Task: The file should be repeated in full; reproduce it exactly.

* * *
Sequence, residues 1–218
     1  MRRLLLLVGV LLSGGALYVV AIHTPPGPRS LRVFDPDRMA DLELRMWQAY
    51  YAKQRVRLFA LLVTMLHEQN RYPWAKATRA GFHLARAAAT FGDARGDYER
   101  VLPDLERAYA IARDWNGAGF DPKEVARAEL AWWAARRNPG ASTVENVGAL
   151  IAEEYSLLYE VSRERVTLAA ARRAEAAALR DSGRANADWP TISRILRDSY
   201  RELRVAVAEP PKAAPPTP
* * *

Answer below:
Sequence, residues 1–218
     1  MRRLLLLVGV LLSGGALYVV AIHTPPGPRS LRVFDPDRMA DLELRMWQAY
    51  YAKQRVRLFA LLVTMLHEQN RYPWAKATRA GFHLARAAAT FGDARGDYER
   101  VLPDLERAYA IARDWNGAGF DPKEVARAEL AWWAARRNPG ASTVENVGAL
   151  IAEEYSLLYE VSRERVTLAA ARRAEAAALR DSGRANADWP TISRILRDSY
   201  RELRVAVAEP PKAAPPTP